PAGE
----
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Livingston Asking For Community Response In Lead And Copper Pipe Survey

/ The Upper Cumberland's News Leader
Livingston Asking For Community Response In Lead And Copper Pipe Survey

The town of Livingston set to begin process of identifying any lead water lines within the city.

Tennessee Association of Utility Districts Representative J.W. Griffin said that this is a result of the Lead and Copper Pipe rule passed in December, 2021. He said that the goal is to hopefully get rid of lead that could affect the system.

“We would have to identify every lead service line in our system,” Griffin said. “And then in October of 2024 we would end up making a lead service line replacement plan and do new sampling procedures for that home.”

Griffin said that all 5,100 Livingston water customers will be given a questionnaire to help the water department find potential lead pipes. He said that the biggest indicator of lead pipes will be if your home or business was constructed before July 1988. Griffin said that across the nation, this rule would include both the homeowner side and the system side.

Mayor Curtis Hayes said that he wanted to make sure to get the word out to folks, because they need a 100 percent response rate. He said that they’ll be making plans to go door-to-door to ask for the public’s help, as well as providing an online option on the city’s website.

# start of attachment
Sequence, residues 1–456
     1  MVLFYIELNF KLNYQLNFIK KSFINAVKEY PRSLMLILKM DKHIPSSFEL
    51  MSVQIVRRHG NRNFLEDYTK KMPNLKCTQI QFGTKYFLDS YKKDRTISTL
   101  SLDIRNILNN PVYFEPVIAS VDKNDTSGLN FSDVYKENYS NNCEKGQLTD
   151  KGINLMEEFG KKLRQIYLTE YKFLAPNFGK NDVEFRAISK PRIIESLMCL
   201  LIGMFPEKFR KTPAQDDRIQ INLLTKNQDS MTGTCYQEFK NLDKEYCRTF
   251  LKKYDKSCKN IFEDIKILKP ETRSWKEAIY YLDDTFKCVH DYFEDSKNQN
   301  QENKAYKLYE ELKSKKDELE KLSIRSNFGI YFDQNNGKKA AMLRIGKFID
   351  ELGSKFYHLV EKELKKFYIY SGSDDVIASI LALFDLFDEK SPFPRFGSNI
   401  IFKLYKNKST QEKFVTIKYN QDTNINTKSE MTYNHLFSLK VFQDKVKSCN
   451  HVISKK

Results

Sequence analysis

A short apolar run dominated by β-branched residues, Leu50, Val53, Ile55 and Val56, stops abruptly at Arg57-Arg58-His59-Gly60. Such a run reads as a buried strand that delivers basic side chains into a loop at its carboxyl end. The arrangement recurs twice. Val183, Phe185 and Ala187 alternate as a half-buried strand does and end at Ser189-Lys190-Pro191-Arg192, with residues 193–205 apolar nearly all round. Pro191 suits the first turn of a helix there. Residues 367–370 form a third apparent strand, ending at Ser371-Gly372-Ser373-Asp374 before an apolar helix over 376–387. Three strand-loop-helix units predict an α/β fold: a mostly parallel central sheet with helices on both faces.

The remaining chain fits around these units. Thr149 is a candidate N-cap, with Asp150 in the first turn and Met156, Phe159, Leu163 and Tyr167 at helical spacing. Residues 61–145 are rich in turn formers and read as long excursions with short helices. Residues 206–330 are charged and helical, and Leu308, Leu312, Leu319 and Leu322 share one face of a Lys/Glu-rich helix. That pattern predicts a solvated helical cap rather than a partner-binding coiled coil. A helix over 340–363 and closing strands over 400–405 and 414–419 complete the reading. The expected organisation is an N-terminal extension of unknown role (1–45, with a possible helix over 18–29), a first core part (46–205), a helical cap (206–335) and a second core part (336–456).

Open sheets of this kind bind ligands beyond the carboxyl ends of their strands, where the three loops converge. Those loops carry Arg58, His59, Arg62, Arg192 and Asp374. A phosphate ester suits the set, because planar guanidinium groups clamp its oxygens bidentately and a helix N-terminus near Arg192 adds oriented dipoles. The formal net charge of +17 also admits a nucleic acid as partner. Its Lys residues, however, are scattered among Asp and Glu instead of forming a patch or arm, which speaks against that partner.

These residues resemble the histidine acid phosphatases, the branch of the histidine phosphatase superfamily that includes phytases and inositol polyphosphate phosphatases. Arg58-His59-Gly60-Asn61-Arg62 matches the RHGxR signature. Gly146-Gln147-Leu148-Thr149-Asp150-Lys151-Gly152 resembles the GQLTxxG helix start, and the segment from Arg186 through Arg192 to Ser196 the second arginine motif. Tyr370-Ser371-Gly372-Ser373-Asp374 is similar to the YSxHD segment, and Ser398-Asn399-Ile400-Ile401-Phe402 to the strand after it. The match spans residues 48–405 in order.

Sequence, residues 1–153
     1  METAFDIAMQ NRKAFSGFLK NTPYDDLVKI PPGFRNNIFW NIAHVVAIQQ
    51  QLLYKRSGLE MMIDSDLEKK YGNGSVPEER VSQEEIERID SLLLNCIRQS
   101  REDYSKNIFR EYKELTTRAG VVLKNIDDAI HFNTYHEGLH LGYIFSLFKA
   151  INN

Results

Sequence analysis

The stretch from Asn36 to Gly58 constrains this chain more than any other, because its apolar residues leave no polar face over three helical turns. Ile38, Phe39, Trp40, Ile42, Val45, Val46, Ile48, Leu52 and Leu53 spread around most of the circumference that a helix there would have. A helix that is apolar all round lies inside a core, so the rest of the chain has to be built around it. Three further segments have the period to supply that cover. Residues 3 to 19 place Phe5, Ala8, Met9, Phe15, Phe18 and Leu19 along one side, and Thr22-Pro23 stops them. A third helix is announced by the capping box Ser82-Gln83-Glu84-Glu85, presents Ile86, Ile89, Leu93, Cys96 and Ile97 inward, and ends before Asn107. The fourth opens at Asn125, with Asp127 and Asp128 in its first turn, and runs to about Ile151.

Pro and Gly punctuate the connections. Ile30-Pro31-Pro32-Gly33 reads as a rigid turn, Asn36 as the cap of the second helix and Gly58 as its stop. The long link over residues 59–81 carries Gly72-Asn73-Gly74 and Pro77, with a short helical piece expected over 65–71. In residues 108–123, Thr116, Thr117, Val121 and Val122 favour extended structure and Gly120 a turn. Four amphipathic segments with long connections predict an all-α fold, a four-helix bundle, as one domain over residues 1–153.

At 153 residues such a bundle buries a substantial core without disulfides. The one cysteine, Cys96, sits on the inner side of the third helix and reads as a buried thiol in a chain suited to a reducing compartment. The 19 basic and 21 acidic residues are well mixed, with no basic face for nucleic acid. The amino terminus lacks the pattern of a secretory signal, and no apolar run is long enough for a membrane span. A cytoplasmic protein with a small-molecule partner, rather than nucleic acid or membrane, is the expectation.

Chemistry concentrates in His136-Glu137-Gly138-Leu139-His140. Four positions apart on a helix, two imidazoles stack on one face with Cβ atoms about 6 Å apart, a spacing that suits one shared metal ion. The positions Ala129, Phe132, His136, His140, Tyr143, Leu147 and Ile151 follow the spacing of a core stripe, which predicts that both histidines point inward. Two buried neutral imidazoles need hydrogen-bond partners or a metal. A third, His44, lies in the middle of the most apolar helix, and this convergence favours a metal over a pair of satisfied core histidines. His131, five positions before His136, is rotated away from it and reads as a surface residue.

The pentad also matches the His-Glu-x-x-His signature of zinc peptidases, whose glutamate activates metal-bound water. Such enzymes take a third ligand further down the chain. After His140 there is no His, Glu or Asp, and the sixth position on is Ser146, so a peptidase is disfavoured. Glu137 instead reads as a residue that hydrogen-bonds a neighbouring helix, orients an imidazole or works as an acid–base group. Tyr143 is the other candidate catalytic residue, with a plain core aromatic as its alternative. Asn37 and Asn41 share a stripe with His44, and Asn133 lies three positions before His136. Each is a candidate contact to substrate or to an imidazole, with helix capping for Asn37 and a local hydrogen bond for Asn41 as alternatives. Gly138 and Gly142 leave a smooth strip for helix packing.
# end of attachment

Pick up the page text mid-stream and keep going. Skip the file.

Alderman Kelly Coleman asked if there was any type of enforcement the government has when it comes to changing out the pipes if it is discovered down the road.

“That’s a question we’ve been asked a lot,” Griffin said. “In the federal regulation there’s not really much to that right now. The regulation specifically says that the system is not responsible for replacing customer-side plumbing. However if you go into the requirement to do a lead service line replacement, you don’t get credit unless that customer replaces their side.”

“You will be able to get the customer to sign an affidavit that says they understand they have a lead line and they are fine with that, which kind of relieves you from dealing with them anymore, but you still don’t get the credit.”

Griffin said that Livingston has “great” water and that he does not foresee many issues in that regard because of the good water source and the good operation Livingston has.


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